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June 1, 2009

Notable ruling on procedural reasonableness from Second Circuit

The Second Circuit today has a notable ruling in US v. Timewell, No. 07-4587 (2d Cir. June 1, 2009) (available here), that discusses post-Booker review for procedural unreasonableness at some length. Here is hope the opinion starts:

Defendant-appellant Gregory Timewell appeals from a Memorandum and Order entered on October 4, 2007, in the United States District Court for the Eastern District of New York (Platt, J.) denying his application to be resentenced following a remand for further proceedings in conformity with United States v. Crosby, 397 F.3d 103 (2d Cir. 2005). United States v. Timewell, 124 F. App’x 55 (2d Cir. 2005).  Timewell was convicted, upon a guilty plea, of conspiracy to import 1,000 kilograms or more of hashish and marijuana, in violation of 21 U.S.C. §§ 960(a)(1), (b)(1)(G), 963, and of making false statements to federal agents in violation of 18 U.S.C. § 1001.  On March 5, 2004, he was sentenced principally to a prison term of 275 months and a 5-year term of supervised release.  In the Memorandum and Order determining that it would adhere to the sentence originally imposed, the District Court took into account, inter alia, the government’s customary practice of rescinding cooperation agreements breached by defendants.  For the reasons that follow, we vacate the sentence and once more remand for further proceedings.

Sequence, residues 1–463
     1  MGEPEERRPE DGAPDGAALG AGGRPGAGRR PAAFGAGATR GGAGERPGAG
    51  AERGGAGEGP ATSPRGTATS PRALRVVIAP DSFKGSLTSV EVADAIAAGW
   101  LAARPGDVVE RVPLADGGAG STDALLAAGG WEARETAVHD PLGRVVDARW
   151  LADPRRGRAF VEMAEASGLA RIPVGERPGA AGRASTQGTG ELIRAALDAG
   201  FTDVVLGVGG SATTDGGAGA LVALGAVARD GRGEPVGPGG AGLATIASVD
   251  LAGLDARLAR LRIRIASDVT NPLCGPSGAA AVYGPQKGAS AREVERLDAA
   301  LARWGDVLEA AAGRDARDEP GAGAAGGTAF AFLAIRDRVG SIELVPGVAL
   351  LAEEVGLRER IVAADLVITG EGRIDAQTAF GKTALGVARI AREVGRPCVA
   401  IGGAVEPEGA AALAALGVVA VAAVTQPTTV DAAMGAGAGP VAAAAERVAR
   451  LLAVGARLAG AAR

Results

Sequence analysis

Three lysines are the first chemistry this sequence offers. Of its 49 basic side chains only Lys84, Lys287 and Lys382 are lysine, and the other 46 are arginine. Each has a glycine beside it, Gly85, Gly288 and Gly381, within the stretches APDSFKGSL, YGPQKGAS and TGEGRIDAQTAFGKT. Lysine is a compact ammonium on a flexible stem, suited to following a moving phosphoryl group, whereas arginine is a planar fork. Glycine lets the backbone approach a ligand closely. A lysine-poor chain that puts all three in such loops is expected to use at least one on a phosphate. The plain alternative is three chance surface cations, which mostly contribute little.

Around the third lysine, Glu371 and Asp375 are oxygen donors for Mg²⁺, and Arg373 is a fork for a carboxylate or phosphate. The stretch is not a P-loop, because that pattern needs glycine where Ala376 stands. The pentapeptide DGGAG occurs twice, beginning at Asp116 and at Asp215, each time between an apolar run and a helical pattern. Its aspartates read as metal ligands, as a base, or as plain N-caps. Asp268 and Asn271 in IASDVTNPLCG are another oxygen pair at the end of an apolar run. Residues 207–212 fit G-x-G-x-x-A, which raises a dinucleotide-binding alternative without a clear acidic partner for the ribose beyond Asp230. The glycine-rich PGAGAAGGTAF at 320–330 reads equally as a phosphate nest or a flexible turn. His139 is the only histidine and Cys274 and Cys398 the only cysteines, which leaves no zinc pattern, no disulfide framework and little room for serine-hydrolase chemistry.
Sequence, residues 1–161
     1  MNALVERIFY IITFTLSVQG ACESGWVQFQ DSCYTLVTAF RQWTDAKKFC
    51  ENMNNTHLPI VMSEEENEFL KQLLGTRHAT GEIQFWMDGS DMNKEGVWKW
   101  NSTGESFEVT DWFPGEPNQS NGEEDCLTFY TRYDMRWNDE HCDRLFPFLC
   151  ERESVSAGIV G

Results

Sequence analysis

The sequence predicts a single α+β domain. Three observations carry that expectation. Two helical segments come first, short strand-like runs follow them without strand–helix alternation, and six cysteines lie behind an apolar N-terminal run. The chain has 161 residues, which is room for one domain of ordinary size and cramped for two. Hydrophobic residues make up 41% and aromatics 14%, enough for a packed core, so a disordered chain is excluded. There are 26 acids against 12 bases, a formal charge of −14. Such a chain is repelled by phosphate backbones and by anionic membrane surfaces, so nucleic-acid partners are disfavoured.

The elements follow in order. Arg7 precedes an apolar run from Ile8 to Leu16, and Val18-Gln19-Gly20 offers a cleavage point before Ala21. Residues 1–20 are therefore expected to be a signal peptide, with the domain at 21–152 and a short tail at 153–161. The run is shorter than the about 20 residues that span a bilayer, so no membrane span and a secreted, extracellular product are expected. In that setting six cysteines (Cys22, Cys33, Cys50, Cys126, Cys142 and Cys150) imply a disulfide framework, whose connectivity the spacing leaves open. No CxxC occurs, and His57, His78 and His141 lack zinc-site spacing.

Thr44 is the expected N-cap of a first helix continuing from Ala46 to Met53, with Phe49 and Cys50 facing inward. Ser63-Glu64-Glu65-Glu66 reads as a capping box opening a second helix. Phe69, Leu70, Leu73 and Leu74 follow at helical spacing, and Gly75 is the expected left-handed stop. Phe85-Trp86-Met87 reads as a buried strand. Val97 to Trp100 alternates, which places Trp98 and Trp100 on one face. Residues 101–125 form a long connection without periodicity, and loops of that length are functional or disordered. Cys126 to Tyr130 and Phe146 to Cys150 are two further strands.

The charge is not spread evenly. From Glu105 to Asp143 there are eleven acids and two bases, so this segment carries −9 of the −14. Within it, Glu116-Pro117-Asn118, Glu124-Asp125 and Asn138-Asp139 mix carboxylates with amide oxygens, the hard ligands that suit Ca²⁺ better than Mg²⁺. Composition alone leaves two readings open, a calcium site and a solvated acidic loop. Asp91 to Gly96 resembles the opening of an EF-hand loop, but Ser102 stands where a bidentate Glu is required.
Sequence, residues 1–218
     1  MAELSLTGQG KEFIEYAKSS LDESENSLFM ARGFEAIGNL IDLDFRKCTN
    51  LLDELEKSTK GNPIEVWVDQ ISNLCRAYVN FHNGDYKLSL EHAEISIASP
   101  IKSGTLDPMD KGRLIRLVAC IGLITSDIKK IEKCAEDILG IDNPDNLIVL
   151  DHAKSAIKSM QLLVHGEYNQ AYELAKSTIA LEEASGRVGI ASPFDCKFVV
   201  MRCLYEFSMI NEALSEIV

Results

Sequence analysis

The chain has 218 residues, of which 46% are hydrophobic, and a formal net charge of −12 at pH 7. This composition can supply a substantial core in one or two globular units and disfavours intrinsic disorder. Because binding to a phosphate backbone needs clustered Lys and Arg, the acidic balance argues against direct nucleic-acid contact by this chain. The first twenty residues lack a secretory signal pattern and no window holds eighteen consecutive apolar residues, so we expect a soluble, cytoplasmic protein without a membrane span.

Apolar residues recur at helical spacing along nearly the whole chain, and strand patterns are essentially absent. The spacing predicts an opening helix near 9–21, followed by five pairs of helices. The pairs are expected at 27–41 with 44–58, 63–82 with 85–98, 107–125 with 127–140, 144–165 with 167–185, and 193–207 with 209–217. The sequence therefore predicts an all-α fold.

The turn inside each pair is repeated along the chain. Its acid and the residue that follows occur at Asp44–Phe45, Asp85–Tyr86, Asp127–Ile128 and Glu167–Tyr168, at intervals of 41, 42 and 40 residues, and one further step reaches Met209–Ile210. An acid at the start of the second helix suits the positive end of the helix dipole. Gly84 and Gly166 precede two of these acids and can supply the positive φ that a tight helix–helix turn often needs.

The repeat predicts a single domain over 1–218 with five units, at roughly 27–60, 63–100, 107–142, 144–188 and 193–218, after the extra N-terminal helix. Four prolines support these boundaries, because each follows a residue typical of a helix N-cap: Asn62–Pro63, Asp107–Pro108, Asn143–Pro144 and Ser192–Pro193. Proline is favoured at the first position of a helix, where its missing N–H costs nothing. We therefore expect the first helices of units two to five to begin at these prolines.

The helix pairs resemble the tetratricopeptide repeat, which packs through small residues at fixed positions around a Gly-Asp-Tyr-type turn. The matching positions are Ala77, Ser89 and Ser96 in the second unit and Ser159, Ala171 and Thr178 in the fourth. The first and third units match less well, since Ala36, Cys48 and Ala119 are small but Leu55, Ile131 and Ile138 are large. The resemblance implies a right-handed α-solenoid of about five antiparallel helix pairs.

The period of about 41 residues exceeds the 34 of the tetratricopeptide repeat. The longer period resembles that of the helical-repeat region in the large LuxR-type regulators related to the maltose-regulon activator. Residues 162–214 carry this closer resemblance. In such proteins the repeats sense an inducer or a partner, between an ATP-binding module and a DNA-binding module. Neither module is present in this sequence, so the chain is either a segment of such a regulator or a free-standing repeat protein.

June 1, 2009 at 12:43 PM | Permalink

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Comments

There seems to be an error on p. 21 of the slip opinion, unless I am misreading this. The key sentence reads: "On a Crosby remand, the district court must determine whether its sentence under the Booker regime would have been materially different from the sentence originally imposed; if the answer is 'yes,' nothing further is required; if the answer is
'no,' there must be a resentencing."

That can't be right. If a sentence (following a Crosby-remand) would be materially different under Booker than the one given pre-Booker, then resentencing is necessary - not vice versa as suggested by this sentence. (Indeed, the last sentence in the paragraph says the exact opposite.)

Maybe I am missing something - but I think that sentence is wrong.

Perhaps someone can let Judge Miner know.

Posted by: alex | Jun 2, 2009 3:49:48 AM

I saw the same thing, Alex. I suspect it will be caught by others and the words reversed in a revised opinion.

Posted by: Doug B. | Jun 2, 2009 8:42:04 AM

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